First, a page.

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THE TOP 10: ABA Area Birds to be Reincarnated As

We’ve all thought about it. When our day of reckoning comes to pass, let’s say we have the option of coming back as a species of bird… Which one
would you choose? There are some pretty interesting makes and models to choose from. Below are a couple of choice options.

10.       Turkey Vulture

One of the most ubiquitous birds in all of the Americas, found from Canada south to the southern cone of South America (with even an endemic subspecies on the Falkland Islands), this is a decidedly successful species, which performs remarkable migrations. They sure ain’t pretty, but  they seem to have it pretty good. Not only are they unburdened by concern over their appearance, but subsisting on dead animals they are seldom at a loss for food. Roadways serve as nice buffets. When approached by a threat or a predator Turkey Vultures often vomit. It’s believed
they do this to lighten their load in case they need to take to the air, and also perhaps to provide a predator a free meal that might quell any  aggression. When they get too hot they defecate on their legs and feet to cool down (urohydrosis). It must be liberating to feel free to totally let
yourself go (…take it from me).

9.         Common Raven

Common_Raven_Nome, AK_6-21-2010_GLA_0070
Common Raven in Nome, Alaska (Photo © G. Armistead)

The largest passerine in the world (tied with Thick-billed Raven of Ethiopia) and also one of the most widespread in the northern hemisphere, the Common Raven is perhaps the most adaptable bird in the world and one of the most intelligent too.

8.         Wrentit

Wrentit AJ X
Wrentit (Photo©Alvaro Jaramillo/Alvaro’s Adventures)

A unique bird of California and Mexico, this is the only (Old World) babbler in North America. It is the most sedentary bird in the country, seldom dispersing more than a mile or two from its natal area. They are also relatively long-lived, sometimes maintaining the same territory for  up to 12 years. Wrentits are country bumpkins of the chapparal. They find a spot very near where they are born and never leave it, ever. If you find the right spot, could be pretty nice. Sounds relaxing. (Join us in San Diego this fall to search for Wrentit!).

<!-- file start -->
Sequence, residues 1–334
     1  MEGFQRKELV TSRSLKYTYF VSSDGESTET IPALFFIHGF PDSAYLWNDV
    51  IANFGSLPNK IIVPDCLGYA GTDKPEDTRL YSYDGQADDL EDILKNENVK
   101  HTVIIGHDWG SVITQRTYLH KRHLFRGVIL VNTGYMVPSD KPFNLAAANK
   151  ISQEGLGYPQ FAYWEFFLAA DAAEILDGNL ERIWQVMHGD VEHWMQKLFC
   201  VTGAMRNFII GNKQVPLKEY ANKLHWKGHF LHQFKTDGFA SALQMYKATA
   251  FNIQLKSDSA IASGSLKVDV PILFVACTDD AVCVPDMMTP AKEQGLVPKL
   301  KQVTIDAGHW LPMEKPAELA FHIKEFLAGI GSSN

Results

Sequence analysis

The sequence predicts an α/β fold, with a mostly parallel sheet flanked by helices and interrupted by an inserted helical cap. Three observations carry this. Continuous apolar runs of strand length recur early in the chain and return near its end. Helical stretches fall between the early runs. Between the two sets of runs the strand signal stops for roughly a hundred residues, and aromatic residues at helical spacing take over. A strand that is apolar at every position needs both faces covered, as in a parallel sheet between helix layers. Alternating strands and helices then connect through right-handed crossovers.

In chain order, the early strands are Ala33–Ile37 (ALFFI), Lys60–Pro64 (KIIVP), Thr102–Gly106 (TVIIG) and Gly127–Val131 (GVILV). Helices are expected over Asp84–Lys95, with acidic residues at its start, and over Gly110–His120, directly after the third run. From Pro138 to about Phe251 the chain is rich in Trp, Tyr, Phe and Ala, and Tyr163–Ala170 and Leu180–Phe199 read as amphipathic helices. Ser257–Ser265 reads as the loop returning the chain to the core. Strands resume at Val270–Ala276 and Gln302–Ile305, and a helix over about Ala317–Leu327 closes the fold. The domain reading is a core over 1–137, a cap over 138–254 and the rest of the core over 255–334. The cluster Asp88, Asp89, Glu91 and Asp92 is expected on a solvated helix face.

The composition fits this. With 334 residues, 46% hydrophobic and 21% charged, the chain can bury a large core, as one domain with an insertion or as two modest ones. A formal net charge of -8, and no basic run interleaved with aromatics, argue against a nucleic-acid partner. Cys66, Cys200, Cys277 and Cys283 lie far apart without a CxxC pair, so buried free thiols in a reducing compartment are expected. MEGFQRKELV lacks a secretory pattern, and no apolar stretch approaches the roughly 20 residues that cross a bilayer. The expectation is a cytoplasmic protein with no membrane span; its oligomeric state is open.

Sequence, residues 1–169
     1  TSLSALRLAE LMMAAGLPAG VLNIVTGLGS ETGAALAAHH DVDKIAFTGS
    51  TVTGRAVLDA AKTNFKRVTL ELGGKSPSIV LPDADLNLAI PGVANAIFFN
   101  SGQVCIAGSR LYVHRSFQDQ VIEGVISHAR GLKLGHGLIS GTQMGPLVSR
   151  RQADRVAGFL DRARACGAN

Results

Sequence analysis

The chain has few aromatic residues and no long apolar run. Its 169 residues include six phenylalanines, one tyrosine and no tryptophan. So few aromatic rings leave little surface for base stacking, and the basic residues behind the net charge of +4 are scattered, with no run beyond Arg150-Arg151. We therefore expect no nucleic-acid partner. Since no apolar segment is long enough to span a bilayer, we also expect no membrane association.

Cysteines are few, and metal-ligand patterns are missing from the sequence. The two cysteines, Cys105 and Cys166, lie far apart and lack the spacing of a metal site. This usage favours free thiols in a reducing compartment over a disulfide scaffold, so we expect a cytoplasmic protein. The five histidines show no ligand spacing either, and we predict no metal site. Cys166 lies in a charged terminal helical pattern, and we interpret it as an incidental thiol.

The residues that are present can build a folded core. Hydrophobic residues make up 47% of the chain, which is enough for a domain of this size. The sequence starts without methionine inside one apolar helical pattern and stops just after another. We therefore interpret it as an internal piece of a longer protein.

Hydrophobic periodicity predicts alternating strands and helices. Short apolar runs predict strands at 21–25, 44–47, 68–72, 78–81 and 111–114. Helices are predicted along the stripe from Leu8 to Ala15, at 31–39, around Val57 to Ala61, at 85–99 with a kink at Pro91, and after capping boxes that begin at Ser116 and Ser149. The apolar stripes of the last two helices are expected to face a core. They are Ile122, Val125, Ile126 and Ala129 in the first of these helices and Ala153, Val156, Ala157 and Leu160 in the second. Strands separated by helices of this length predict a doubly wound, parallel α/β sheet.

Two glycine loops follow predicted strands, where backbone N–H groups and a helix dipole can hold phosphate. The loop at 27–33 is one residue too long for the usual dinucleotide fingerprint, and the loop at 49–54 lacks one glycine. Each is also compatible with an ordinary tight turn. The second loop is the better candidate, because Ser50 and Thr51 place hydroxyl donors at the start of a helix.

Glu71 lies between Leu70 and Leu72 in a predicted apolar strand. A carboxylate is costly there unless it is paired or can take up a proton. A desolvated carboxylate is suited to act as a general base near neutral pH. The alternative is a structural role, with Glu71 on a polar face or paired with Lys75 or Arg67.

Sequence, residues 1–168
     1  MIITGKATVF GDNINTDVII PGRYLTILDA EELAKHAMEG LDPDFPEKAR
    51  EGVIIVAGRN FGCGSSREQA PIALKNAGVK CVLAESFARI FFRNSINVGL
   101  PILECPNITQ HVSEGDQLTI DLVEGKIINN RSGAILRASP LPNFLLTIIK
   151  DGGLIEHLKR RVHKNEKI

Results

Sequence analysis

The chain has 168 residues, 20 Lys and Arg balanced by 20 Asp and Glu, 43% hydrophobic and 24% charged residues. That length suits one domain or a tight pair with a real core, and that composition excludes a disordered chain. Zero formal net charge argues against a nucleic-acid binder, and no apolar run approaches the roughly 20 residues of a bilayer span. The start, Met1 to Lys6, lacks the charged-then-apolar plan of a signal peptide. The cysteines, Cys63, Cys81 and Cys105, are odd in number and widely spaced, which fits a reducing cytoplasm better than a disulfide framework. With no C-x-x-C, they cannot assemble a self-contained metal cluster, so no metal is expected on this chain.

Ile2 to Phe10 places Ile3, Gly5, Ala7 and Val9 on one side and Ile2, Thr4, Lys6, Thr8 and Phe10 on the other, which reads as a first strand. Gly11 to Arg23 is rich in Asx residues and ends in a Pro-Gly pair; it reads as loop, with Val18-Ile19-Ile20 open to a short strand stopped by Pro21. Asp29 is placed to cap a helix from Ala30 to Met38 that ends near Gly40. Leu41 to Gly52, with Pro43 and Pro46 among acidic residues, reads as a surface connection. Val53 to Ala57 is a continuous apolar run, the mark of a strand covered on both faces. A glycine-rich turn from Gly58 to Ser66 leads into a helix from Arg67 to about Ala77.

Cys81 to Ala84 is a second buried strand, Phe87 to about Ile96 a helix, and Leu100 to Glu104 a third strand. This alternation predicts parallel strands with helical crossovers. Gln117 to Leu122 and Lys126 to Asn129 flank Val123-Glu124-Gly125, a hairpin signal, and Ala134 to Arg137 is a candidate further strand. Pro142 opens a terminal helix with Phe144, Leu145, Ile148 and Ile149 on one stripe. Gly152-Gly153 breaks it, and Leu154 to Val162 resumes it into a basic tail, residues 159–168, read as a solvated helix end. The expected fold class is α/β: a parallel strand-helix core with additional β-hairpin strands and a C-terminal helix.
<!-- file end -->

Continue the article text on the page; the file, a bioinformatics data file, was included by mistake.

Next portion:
7.         Puffins

Tufted Puffin at Kenai Fjords Nat. Park, Alaska (Photo © G. Armistead)

I remember seeing my first Atlantic Puffins on a pelagic trip off Cape Hatteras, North Carolina, years ago, and being startled at how sloppy they can be. That chilly winter day we watched a number of puffins that must have gorged themselves all day with sandlance or something, and they were so fat and overstuffed with food that they could hardly fly, and also had trouble diving. They were like floating footballs of lead. I’ve since seen other puffin species in similar states of over-indulgence. Having always enjoyed a good feasting myself, I cannot help but admire a bird
that can stuff itself to the point where it can no longer even move. Being reincarnated as a puffin doesn’t seem too bad; plus you are always handsomely attired.

6.         Bar-tailed Godwit

Bar-tailed Godwit at Miranda, New Zealand (Photo © G. Armistead)

For you long-distance runners out there, this is your next life. At least you’d have to hold this bird in high regard. The Alaska breeding form of this species (L. l. baueri) winters mostly in New Zealand, and performs the longest non-stop migration of any bird, travelling sometimes 7000+ miles in a single burst!